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Pictures - Unsafe Work

What are They Thinking?

How would you describe this perimeter scaffold:

  • Cheap and nasty?
  • Downright deadly?
  • An obvious case of reckless endangerment?
  • All of the above?

Ladder bracket scaffolds are not suitable for general construction work.

They should only be considered for very light tasks, such as sign-writing.

Even then, they should only be used where there is no practicable alternative.

At first glance, the photo on the left seems to be an example of good work practice.

Certainly the use of elevating work platforms, such as this truck-mounted travel tower,

is an appropriate choice for a wide range of light, short duration work tasks.

But choosing appropriate equipment for the job is only half the story.

It is just as important to ensure that the equipment can be set up in accordance with the

supplier’s documented safe use instructions in a manner that safeguards both workers and the general public.

 

“Riding the hook” by sitting in a sling and being lifted by a crane is a highly dangerous work practice

that has been illegal for decades, as any certificated crane operator should know.

But as this week’s Absolute Shocker proves, there are still people in the construction industry that either

don’t know or don’t care about the most basic rules for site safety.

Small wonder the industry is still plagued by unacceptably high fatality and serious injury rates.

 

Yes , you are seeing this correctly;

the crane truck IS driving along a road with the boom raised;

and YES, that is a load of roof trusses swinging on the hook!

The contributor that sent us the photo wrote:

“I spotted this crane truck coming towards me and couldn't believe my eyes.

It was swaying all over the place and the driver was watching his rear view mirror more

than watching the road. I did a U-turn and managed to snap this picture.

I actually caught up with him as he reached his destination.”

We can only hope there was some friendly discussion, highlighting the error of his ways!

Apart from the obvious risk of contacting overhead powerlines, and the risk of the swinging

load striking a passing vehicle or pedestrian, there is the also the instability of the truck.

The raised centre of gravity greatly increases the risk of the crane truck overturning,

especially when cornering.

 

???

 

Clearly the strategic positioning of the rubbish skip will ensure that if this thrill seeker were to fall,

he won’t injure anyone other than himself, and keep the laneway looking neat and tidy too !

 

When this week’s Absolute Shocker was first spotted by a subscriber in down-town Tripoli,

he could have been excused for thinking he was witnessing a last-minute training session for Libya’s

diving team before it set off for the Athens Olympics.

But as the close-up photo on the right shows, it was nothing of the sort. Rather than a deep diving pool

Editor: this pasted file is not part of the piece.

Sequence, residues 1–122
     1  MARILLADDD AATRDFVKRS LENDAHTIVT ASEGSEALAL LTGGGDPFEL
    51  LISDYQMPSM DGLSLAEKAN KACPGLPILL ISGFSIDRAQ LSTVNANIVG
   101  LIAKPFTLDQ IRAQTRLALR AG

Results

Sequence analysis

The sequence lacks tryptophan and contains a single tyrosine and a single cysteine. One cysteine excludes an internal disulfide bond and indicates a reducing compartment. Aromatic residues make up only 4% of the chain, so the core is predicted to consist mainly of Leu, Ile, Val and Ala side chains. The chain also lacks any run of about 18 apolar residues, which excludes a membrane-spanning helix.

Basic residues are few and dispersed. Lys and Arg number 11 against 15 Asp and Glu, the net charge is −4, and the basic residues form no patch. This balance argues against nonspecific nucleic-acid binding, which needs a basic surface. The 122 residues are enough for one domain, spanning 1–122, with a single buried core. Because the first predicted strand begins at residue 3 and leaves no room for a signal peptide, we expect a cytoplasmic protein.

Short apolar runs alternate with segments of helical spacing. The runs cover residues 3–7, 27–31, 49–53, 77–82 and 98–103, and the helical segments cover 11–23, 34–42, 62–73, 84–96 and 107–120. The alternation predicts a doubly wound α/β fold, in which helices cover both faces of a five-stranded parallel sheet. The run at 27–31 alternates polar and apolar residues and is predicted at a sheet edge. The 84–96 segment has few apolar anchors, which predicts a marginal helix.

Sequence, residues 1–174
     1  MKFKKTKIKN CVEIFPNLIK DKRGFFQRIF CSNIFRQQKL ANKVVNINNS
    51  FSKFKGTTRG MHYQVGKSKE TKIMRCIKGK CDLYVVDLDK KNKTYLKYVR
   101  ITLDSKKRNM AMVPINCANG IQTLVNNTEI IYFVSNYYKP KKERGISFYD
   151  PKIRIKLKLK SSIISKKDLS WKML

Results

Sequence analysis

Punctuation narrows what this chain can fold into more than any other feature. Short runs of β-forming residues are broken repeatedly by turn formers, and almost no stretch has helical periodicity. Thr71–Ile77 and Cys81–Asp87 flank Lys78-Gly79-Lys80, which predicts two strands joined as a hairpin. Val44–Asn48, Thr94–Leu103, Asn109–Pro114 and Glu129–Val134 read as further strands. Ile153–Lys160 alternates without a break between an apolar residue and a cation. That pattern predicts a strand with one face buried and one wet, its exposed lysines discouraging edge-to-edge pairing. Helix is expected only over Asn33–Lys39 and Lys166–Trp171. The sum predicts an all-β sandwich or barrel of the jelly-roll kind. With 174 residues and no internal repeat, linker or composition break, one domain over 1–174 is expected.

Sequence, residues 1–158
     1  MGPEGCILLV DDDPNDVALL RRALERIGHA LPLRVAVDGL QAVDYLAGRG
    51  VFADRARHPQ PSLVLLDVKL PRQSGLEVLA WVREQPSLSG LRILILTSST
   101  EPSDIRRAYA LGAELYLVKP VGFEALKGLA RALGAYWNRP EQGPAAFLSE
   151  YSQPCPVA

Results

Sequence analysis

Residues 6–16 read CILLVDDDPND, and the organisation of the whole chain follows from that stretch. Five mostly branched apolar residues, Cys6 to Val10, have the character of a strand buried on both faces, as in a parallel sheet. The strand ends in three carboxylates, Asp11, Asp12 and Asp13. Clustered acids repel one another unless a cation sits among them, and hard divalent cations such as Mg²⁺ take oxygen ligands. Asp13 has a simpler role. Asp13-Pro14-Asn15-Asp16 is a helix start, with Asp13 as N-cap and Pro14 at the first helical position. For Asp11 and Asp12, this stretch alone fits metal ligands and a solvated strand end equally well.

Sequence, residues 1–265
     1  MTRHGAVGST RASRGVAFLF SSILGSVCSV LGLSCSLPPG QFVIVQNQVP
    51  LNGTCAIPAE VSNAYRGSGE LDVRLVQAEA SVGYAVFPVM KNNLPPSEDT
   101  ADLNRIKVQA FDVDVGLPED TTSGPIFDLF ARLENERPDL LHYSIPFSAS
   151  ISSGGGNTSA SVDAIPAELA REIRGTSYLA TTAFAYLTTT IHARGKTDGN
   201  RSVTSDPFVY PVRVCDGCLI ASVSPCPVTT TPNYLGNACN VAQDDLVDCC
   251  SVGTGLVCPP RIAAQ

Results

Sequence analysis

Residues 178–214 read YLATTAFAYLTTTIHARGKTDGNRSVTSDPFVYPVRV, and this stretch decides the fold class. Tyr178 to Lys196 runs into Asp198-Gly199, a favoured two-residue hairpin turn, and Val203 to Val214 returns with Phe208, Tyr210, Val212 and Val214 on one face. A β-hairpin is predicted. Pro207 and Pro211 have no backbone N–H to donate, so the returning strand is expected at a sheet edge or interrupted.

below, there was a busy street.

Twelve stories above the heads of the unsuspecting pedestrians, seconds before these photos were snapped,

this man was standing on the cantilevered planks feeding a four metre pipe through the hole in the wall.

 

For all that is wrong in this photo, we simply had to award a ‘Gold Star’,

for the appropriate wearing of high-visibility clothing.

Just think how easy it will be for the rescue crews to see him bobbing

up and down ‘like a cork in the ocean’, as he is swept down this fast-flowing river.

 

Question: How do you safely excavate to lay foundations for transmission tower?

Answer: Not like this! Battering back or using a trench shield are two safe methods.

A couple of sticks propping a huge boulder is not trench shoring!

For all the personal protective equipment this worker is wearing,

it would hardly save him from death by sudden engulfment.

 

This death trap scaffold ‘on stilts’ was discovered by an inspector,

who not only ordered the renderer off it immediately,

but he also ordered it be dismantled whilst he was still on site.

This prime candidate for Bodgey Scaffold of the Year has a number of features w

e were less than impressed with, especially the use of garden rocks to anchor the rakers.

But, the nylon rope used to lash the aluminium work platform to the 2” by 4” timber ‘standards’

more than takes the cake.

 

Heavy duty frame trestles are a quick and convenient way of providing scaffolds for bricklayers and block layers.

But most types of bricklayers’ trestles are not designed to incorporate guardrailing and toeboards.

Therefore, they are only suitable for low- height work. This week’s Award winner shows the danger of using

a scaffolding system in the wrong circumstances.

A straight drop from the unprotected edge of the working platform into a void is blatantly tempting fate –

a fate that could so easily cause yet another premature funeral for a construction worker.

Supporting a trestle at the mid-span of a couple of planks over the void is also an obviously unsafe practice that

could result in the structural collapse of the loaded scaffold.

 

This daredevil has placed his life in the hands of:

(a) Four reinforcing bars protruding from a slab, as his excuse for an anchor point.

(b) Some rope he probably found lying around somewhere on site, hooked to an ordinary belt, not a safety harness.

(c) The notorious “pendulum effect” that would kick in if the flimsy structure collapsed under his weight.

 

Here's a safety tip for heavy equipment operators:

make sure you have enough clearance if you attempt to drive under an overpass.

This operator either forgot about what he was driving or seriously misjudged the clearance.

 

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